The past year has been a productive one for Israeli-born DJ and EDM star Borgore. He toured the world — playing large music venues and festivals — released new music, and continued to develop his record label, Buygore. Most important, 2017 was the year Borgore declared he had "quit giving a shit” after years of being dubbed an "enfant terrible" and blamed for ruining dubstep. He may rub some folks the wrong way, but he has certainly shaken up EDM. Borgore is formally trained in jazz music, and he continues to incorporate diverse sounds into his mixes. Elements of classical, hip-hop and heavy metal are consistently woven into the fabric of his live shows.  With Getter, AFK b2b Svdden Death, 7 p.m. Saturday, Feb. 10, 214-932-6501 or, $19.75-$50 – Jeff Strowe

Matthew Posey’s cozy 50-seat Ochre House Theater, 825 Exposition Ave. across from Fair Park, opens its doors at 8:15 p.m. Saturday for another Kevin Grammer original musical, The Woman Who Knew Too Much, about a woman with lapsed memory of who she is or where she comes from. How did this happen? Is she a spy? Grammer calls it a fantasy noir that “blurs the lines of reality and fantasy.” Lyrics are by Grammer and his wife, Carla Parker. Justin Locklear is music director of a foursome tucked into a corner of the stage. For tickets, $17, call 214-826-6273 or visit Pay what you can Feb. 19. Performances happen at 8:15 p.m. through March 3. – Reba Liner

Big trucks go VROOM! Jump in air. Move fast on dirt. Roll over sometimes. That’s the Monster Jam, taking place at 7 p.m. Saturday at AT&T Stadium, 1 AT&T Way in Arlington. What, you need more details? OK, they’re really big trucks that make a really loud VROOM! The event includes ATV and speedster races. Listen, if you like monster trucks, you know what this is and are probably wetting yourself with joy. If you don’t have a clue, well, let’s just say if you’re a fan of opera, the symphony or art gallery openings, then this is definitely the place you want to be Saturday. Would we lie? Tickets, $35 to $135, are available at – Patrick Williams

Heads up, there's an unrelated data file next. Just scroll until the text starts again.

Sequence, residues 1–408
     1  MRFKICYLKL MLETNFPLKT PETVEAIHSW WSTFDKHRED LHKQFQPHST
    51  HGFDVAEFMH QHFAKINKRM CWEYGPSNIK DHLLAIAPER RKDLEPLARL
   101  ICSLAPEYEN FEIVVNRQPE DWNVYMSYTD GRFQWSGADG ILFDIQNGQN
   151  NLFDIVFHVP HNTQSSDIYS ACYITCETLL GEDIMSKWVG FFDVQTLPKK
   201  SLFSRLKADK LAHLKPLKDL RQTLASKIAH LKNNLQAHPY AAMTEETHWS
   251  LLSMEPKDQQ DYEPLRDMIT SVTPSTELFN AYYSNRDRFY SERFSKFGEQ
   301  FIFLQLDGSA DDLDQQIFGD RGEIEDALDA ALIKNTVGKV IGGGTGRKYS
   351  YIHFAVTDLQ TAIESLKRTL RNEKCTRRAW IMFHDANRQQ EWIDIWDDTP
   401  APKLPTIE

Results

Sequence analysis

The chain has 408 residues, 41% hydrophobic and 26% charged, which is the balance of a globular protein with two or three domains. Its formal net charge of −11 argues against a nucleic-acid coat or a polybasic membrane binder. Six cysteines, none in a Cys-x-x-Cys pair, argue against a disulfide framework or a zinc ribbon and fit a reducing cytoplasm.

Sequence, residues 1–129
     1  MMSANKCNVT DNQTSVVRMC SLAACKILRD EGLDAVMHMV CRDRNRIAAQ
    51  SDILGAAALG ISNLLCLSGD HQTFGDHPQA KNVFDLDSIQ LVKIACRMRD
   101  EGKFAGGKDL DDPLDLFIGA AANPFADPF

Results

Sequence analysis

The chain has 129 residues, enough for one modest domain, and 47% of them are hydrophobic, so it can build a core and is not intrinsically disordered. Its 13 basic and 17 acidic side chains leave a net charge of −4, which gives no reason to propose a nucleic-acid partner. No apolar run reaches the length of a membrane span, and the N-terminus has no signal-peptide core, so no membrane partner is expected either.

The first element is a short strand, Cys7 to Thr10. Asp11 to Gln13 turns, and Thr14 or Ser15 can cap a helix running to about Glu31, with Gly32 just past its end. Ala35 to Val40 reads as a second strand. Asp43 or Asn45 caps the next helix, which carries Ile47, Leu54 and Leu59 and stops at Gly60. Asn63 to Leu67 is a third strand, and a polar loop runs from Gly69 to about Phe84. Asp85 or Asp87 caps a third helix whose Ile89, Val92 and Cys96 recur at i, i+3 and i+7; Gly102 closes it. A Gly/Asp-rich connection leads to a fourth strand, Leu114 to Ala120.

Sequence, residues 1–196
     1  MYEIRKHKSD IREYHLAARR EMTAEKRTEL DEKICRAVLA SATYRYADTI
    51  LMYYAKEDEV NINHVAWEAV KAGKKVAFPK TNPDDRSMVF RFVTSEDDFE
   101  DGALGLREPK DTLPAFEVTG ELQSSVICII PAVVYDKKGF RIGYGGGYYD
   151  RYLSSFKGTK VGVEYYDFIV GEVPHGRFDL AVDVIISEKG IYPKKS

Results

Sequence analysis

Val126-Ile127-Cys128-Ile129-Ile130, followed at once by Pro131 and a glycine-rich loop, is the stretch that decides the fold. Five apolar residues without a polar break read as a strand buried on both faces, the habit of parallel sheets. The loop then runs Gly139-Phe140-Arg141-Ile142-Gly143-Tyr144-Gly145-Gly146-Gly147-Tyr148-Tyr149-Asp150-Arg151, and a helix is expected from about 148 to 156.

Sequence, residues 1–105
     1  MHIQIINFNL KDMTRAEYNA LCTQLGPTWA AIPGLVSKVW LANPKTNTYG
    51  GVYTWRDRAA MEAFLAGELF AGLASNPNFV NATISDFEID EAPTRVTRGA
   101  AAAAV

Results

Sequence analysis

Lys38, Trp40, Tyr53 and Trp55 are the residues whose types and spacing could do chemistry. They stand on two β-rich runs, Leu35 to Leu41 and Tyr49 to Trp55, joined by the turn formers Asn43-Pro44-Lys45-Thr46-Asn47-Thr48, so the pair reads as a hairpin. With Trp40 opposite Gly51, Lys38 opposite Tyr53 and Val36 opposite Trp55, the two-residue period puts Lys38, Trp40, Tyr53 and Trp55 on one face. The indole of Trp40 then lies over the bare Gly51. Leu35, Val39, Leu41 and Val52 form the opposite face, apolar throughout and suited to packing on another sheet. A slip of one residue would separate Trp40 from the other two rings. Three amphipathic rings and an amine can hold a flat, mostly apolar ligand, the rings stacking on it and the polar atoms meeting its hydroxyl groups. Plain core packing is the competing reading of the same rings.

Celebrating the New Year in Western culture is basically a 10-second affair, prolonged by dressing up and getting properly soused before the countdown commences and then waiting an eternity for an Uber afterward. Chinese New Year, which is based on the lunar calendar, can be a weeks-long experience that dwarfs our Champagne-soaked soirees. Think festivals, lion dances, parades, musical performances, fireworks, Chinese treats and eats, and revelry aplenty. This year, the 2018 Asia Times Square Lunar New Year Festival kicks off the Year of the Dog at 2625 West Pioneer Parkway in Grand Prairie with two weekends of fun. Festivities start from 6-11 p.m. Friday and continue from noon to 11 p.m. Saturday and Sunday. If that’s not enough of a party, the whole schedule repeats itself Feb. 16-18. To see the full schedule, which includes karaoke, live music, games and martial arts performances, visit Admission is free. – Jennifer Davis-Lamm

Sun 2/11
The chocolate industry has us in its grip. Through years of grooming via holidays engineered for the purpose of chocolate consumption, we have become a culture under the spell of sweet, dark confections. We can’t get through Christmas, Valentine’s, Easter or Halloween without submitting to absurd amounts of cacoa. The Dallas Arboretum, 8525 Garland Road, is here to feed our obsession. During Chocolate Lovers Unite, it’ll help participants cook creative new uses for the vaunted ingredient. From 1-3 p.m. Sunday, chocolate lovers can try recipes for sweet and savory dishes that will remind them of how helpless they are in the face of this powerful treat. Tickets are $65 at – Jennifer Davis-Lamm